Little girls, from the time they are young, are praised for how beautiful they are. We talk to girls about how they look and boys about what they do. This escalates when little girls hit puberty. This is when girls start deriving their social capital from their looks and their grades start to tank. Fight this trend by praising young women for what they do. Don’t say, “You’re so beautiful!” Instead say, “I love how curious you are about the solar system! You’re such an interesting person to talk to!”
DON’T TELL ME I’M SMART
This sounds a little bit strange, but often little boys are praised for their hard work and girls are praised for their inherent intelligence. The problem with this is that when a little girl doesn’t do well she thinks it has to do with how smart she is rather than her work ethic. Her failures become a referendum on her intelligence. Say, “Wow, you really worked hard” rather than, “Wow, you’re so smart!” You can always work harder, but you can’t change the brains you were born with!
DON’T BE TOO NICE TO ME
When young women struggle in the sciences or STEM, often parents try to protect their feelings. This can take the form of telling young women who are struggling that perhaps their major is just too hard --maybe they should do something that makes their life a little easier. Boys get the message not to give up - girls get the message to take the path of least resistance. Don’t coddle your girls. Hold them to the same tough standard you have with your boys.
DON’T SEE ME ONLY AS A GIRL OR A WOMAN
Understand that if you are trying to support women you cannot do that in a White Woman vacuum. If a young woman you know is struggling, look at the other issues that might be intersecting. Does she have a disability? Is she a woman of color? Is she the first generation to go to college in her family? Audre Lorde famously said “there is no such thing as a single issue struggle because we do not live single issue lives.“ Make sure you are not treating every woman as if she is the same simply because of her gender. There could be all kinds of intersections that are also impacting her situation.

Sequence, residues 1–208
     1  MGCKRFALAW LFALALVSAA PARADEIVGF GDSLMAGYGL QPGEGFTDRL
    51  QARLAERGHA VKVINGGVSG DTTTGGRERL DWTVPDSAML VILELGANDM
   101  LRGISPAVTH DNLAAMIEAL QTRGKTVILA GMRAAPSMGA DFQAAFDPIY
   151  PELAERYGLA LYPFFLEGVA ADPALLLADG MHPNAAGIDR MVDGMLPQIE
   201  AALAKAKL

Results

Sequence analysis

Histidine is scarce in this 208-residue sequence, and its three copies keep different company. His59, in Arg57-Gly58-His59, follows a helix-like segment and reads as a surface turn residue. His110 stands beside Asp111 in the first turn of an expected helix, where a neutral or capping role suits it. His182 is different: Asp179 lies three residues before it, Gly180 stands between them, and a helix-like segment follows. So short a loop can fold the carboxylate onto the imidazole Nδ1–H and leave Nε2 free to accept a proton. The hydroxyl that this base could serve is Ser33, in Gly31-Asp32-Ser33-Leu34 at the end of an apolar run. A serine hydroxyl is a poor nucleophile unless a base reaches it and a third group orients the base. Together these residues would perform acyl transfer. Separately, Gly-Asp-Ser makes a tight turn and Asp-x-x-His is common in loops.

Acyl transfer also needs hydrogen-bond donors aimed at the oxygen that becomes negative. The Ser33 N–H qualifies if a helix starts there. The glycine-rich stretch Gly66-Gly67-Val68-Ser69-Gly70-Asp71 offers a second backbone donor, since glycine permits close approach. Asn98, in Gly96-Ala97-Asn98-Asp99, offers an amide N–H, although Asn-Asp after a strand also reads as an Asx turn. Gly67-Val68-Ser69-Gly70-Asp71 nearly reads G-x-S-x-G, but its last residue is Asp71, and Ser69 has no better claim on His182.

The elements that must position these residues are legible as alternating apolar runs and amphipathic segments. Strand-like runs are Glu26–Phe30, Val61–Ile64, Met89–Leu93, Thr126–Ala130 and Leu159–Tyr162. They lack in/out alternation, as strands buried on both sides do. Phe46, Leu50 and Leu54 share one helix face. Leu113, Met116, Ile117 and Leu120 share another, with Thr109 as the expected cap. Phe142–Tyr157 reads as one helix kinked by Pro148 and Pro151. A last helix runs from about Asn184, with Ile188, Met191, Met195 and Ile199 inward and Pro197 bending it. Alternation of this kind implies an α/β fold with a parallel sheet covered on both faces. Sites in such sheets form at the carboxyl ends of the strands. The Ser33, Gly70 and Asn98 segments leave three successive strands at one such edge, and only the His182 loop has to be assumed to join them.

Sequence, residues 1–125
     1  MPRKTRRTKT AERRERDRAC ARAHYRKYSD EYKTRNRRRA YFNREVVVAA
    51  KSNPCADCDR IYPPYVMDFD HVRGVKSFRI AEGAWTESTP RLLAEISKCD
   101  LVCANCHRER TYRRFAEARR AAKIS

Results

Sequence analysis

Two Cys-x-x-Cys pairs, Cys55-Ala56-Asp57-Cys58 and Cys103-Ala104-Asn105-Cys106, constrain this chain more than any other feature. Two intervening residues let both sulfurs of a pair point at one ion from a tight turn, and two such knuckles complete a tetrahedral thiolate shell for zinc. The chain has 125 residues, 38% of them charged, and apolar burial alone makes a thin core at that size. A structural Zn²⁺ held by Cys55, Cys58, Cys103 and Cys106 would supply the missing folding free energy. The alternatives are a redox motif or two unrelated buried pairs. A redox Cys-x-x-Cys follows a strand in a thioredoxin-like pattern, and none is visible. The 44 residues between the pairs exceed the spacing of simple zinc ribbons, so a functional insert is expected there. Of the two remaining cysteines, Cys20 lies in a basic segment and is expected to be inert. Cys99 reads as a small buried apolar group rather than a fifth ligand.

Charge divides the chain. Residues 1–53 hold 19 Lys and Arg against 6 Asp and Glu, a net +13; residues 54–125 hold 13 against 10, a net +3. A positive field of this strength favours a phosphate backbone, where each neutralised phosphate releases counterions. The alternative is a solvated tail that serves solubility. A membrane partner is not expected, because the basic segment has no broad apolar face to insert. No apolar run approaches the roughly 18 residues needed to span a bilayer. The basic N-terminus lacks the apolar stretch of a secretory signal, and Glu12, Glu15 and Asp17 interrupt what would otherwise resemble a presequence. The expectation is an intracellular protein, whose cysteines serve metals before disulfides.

DO VALUE MY VOICE
If you are an educator, pay attention to who you are listening to. Note how you value different voices. The patterns that impact girls and young women follow them throughout their education and into adulthood. Pay attention to who you’re calling on in class. Whose voice gets more weight? Watch for classroom dynamics that make certain people feel they have the right to speak and others feel they must remain silent. Be sure to encourage every student from kindergarten to PhD candidates to speak up and then make sure you’re listening. It’s wonderful how much weight we give to the voices of men and boys. Women should be afforded the same courtesy.
Women’s success doesn’t just come from hiring women or making sure we are paid the same for doing the same work. It comes from making sure every woman, from the time she is a little girl, is given the message that she has worth, and that if she works hard enough, she can achieve her dreams. Let’s not tell our girls that they are pretty flowers who might crumble when life knocks them down. Let’s give them the message that life can be hard, but they can work harder, and if they do, success will be theirs.
Eliza VanCort is an in-demand consultant, speaker, and writer on communications, career and workplace issues, and women’s empowerment. The founder of The Actor’s Workshop of Ithaca, she is also a Cook House Fellow at Cornell University, an advisory board member of the Performing Arts for Social Change, a Diversity Crew partner, and a member of Govern For America’s League of Innovators. Her first book, A Woman’s Guide to Claiming Space: Stand Tall. Raise Your Voice. Be Heard., publishes May 11, 2021.
Article | June 18, 2020
When we talk about technology in current time and age, the first thing that pops up in our head is Data Science. There are a million reasons for saying so. The market is full of job opportunities, multiple field applications, growth, higher demand and much more. Data Science is not like other technologies which come and go instead; it is here to stay. Why I say so is that this stream has multiple co-streams that have sub-streams and the web is getting dense. The best part is due to its universal usage the technology is developing at lightning speed. Due to its high demand and lack of supply, the salary bracket of a Data Scientist is way more when compared to other technical streams irrespective of your experience.